ACT_caringfordogAnimal Care and Sheltering

Since the early 1950s, PHS/SPCA has been this community’s only sanctuary for stray animals. We receive stray animals and accept owner-surrendered pets at our Coyote Point facility only. Once animals are made available for adoption, we move them to our Center for Compassion in Burlingame. On any given day, staff care for between 425 and 1,100 animals. This includes animals at both facilities, domestic animals as well as sick, injured and orphaned wildlife. PHS/SPCA is one of just a handful of animal shelters in the entire country that rehabilitates wildlife. Fees collected for owner-surrendered animals are set by the County and are forwarded to the County; PHS/SPCA does not keep any portion of these fees.

PHS/SPCA also provides free sheltering (up to 30 days) for pets belong to domestic abuse victims (these individuals must be referred by a domestic abuse shelter and living in San Mateo County), we house animals who are quarantined after biting a person or another animal, and we occasionally intake animals involved in protective custody situations or animal cruelty cases. Also, in the event of a local emergency (such as the San Bruno gas explosion), PHS/SPCA can provide temporary sanctuary for displaced animals. In the event of large-scale emergencies, PHS/SPCA is equipped to establish a temporary shelter somewhere else in our County and will partner with the Red Cross.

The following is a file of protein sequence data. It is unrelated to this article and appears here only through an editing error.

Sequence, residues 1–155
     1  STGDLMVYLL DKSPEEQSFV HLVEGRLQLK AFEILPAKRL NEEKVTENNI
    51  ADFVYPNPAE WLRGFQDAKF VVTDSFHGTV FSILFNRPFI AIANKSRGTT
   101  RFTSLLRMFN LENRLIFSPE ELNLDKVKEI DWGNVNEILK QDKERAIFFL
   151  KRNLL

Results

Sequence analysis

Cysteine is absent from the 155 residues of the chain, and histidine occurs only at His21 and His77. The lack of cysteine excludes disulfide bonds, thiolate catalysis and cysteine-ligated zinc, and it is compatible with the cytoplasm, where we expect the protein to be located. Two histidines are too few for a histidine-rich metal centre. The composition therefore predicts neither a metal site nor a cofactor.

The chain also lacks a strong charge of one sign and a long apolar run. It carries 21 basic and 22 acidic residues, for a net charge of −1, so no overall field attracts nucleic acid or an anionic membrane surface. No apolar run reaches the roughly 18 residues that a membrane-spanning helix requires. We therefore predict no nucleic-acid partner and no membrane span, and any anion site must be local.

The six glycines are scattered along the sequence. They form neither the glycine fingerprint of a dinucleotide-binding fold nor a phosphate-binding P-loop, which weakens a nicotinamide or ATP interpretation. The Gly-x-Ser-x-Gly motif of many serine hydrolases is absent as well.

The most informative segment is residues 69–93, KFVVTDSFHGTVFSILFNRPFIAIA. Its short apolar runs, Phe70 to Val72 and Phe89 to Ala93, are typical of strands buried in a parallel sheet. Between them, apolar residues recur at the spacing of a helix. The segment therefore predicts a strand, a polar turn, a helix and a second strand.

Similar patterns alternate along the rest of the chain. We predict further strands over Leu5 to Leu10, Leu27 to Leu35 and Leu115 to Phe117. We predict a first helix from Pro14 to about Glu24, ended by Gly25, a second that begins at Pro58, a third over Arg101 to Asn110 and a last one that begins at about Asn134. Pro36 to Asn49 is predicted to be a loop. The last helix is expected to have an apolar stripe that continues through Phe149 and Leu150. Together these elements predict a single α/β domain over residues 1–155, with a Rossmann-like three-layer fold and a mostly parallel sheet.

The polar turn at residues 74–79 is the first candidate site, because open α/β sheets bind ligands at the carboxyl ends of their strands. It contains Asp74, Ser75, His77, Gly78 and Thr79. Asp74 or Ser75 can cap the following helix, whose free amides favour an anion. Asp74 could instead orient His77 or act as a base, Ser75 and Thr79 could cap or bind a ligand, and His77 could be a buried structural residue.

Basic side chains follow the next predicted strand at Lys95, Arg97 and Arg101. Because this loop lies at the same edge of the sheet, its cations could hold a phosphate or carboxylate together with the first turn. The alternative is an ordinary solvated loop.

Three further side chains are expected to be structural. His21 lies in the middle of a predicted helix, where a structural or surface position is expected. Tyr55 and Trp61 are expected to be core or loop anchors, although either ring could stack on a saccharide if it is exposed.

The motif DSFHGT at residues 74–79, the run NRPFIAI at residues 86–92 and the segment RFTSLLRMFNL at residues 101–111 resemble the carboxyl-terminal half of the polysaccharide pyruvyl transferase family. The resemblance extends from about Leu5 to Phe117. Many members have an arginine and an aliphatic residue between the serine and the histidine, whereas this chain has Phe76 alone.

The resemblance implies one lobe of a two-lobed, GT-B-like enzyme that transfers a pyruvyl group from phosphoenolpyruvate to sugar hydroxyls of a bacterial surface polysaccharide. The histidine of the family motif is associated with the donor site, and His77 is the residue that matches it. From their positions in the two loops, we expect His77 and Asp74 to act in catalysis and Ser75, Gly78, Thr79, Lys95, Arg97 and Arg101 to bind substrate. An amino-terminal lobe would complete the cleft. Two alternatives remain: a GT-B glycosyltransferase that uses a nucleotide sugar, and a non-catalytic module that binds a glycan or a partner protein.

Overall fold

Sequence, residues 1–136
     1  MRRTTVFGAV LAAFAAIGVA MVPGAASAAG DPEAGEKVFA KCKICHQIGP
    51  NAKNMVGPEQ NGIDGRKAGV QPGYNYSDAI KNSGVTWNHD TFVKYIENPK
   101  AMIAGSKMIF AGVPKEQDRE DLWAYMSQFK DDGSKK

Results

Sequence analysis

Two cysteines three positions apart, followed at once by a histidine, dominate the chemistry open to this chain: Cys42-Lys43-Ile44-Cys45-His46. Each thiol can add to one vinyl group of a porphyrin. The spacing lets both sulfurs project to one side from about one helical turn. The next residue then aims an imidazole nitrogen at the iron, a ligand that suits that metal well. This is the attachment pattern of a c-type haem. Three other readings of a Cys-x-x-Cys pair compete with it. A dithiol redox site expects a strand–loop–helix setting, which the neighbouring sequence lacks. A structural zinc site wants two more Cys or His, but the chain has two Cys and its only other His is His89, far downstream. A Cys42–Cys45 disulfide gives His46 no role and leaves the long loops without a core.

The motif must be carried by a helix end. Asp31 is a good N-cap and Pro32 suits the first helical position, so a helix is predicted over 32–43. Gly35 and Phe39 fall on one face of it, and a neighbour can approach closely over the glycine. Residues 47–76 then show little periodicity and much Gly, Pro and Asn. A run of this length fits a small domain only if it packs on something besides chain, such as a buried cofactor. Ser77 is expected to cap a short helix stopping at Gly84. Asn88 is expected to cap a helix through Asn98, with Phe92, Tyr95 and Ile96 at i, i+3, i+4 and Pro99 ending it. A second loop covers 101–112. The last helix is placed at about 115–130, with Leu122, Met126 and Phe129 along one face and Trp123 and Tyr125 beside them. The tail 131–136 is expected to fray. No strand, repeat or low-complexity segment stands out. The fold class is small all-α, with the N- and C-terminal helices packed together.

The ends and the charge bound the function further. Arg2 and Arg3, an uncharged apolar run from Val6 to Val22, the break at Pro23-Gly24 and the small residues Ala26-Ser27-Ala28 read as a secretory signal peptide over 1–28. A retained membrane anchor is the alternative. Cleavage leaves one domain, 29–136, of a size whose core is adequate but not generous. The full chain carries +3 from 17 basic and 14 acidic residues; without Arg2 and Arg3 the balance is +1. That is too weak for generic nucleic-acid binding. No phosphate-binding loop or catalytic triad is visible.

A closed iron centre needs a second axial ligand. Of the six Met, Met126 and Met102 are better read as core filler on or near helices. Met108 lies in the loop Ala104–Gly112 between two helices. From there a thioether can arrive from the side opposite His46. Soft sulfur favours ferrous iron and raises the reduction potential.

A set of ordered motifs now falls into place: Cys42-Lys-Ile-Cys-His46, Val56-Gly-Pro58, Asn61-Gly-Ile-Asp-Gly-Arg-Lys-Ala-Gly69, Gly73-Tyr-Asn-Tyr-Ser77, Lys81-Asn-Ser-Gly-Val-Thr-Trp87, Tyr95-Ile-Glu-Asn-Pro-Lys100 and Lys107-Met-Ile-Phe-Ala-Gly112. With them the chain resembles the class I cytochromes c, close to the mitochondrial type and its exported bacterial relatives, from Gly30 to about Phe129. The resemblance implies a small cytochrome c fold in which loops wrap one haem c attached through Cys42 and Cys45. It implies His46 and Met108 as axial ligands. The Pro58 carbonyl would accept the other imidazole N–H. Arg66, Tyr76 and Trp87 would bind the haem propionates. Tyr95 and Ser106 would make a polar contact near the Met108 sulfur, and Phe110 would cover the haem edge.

Our care staff includes Veterinarians, Vet Assistants, Registered Vet Techs, Animal Care Technicians and Wildlife Care Specialists; this team provides an outstanding level of care – routine daily care, plus emergency care — for all our animals, including those animals awaiting stray periods and others available for adoption. In fact, PHS/SPCA is consistently re-accredited by the American Animal Hospital Association (AAHA) following a comprehensive review of the shelter’s veterinary practice protocols, medical equipment, facility and client services. PHS/SPCA is just one of two accredited animal shelters in the state, and one of just 12 nationwide to receive this honor.

The goal for domestic animals in our care is to reunite them with owners or re-home them with adopters. For wildlife, we strive to make them better as soon as possible while minimizing contact so as not to imprint on them, then return them back to their natural habitats. Since 2002, PHS/SPCA has found homes for 100% of healthy dogs and cats in our care. However, some animals require a great deal of medical care or behavioral work before they can even be made available for adoption. Our donor-supported Hope Program enables us to make well, then find homes for approx. 200 animals per month.

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